For a lot of problems, I simply don’t know what I would want. Or maybe I can’t trust that my preference is in line with someone else would want. So I have to come up with some other way of deciding what’s the “right” thing to do.

Not buying a brownstone in Bedford-Stuyvesant.

For me, it’s a phrase somebody else uses before they try to talk me into doing something against my own interests, usually with a side-serving of guilt.

Do other people really find this is something they tell themselves on a regular basis?

Yes, that is better.

Yes, this. Well said FCM.

Agreed - the phrase only really comes into play when my self-interest wishes to do something that isn’t exactly the right thing. When there is natural alignment between what I want to do, and what is right, the phrase is superfluous.

The law, in my view, is not relevant to my doing the right thing. Say, you told me that your committed a crime, and you believed that you could trust me to hold that in confidence. Then you go to trial and I am called as a witness. I would lie on the stand, rather than to betray your confidence. Even if it were tacit, my oath to guard your secret would be a more binding oath than the one in court, if only because it was given voluntarily, and not under duress.

The fact that a law is enacted is no guarantee that it is just, and I would not hesitate to violate an unjust law if I felt that doing so was “doing the right thing”. Having said that, I recognize that civil order depends on the public having an expectation that I will obey the law, and I often do conform with law, even though I disagree that it’s universal application is in the best interests of the public good.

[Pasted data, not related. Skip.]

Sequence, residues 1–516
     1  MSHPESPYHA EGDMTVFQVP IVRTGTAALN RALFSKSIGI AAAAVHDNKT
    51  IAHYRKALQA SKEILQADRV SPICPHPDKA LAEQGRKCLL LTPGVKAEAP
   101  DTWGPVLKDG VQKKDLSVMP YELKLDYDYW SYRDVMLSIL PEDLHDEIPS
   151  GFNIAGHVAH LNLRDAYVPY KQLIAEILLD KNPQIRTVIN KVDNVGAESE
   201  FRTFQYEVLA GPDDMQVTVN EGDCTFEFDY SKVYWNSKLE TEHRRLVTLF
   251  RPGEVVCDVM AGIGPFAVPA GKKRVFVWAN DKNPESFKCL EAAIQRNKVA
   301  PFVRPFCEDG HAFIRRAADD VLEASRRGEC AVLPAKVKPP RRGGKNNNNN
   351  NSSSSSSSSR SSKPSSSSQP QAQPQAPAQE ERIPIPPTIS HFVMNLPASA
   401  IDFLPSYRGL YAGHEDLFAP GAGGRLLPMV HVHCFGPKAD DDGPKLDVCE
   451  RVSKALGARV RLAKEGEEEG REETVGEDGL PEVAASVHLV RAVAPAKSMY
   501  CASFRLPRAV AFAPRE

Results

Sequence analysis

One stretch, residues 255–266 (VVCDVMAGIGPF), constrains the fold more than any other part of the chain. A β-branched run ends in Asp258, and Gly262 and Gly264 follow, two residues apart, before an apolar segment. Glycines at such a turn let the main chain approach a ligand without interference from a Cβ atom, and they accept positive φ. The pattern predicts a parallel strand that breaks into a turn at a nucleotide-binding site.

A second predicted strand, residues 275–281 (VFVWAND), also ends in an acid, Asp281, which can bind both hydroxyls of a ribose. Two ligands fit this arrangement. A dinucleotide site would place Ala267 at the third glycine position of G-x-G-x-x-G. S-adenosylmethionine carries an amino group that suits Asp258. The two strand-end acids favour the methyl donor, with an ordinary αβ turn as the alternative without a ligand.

As a world traveler, I have spent much of my life in places where the law is different from my upbringing. The law of my own country is not always the most moral. Both at home and abroad, discretion is the better part of valor, and I obey the law or not according to a balance of doing the right thing and protecting myself from the local police.

You will ask: “Then you take the law into your own hands?” Yes, because I trust my conscience.

It means, “Have that last Beer”.

So, is that just a hypothetical example or are you saying across the board, every time, guarding someone’s secret is “the right thing to do” for you?

A Spike Lee joint.

“Doing the right thing is easy. It is knowing what the right thing to do is that is hard.” —Harry S. Truman

In general I view the phrase that way. In usage, unless there’s a backdrop of shared values/ethics or a context of them saying it in terms of supporting whatever I decide, I tend to layer that with an implied “Do what I as the speaker think is the right thing.”

That implication doesn’t work so well with me.

Like many here, to me it depends on the situation. Generally speaking, DTRT means any one of, or a combination of, the following – in no particular order:

The Golden Rule
Utilitarianism (John Stuart Mill)
Taking the moral high road
The Christian thing
Doing good
Thinking globally and acting locally
I try hard to keep my own self interests out of my decision. And, I also act while accepting the likelihood that you may not satisfy all of the people all of the time. You do your best, but there may be some unhappy with the choice or action. And as long as I did my best, I am okay with that. But also I look to feedback, to see how I can improve for future situations.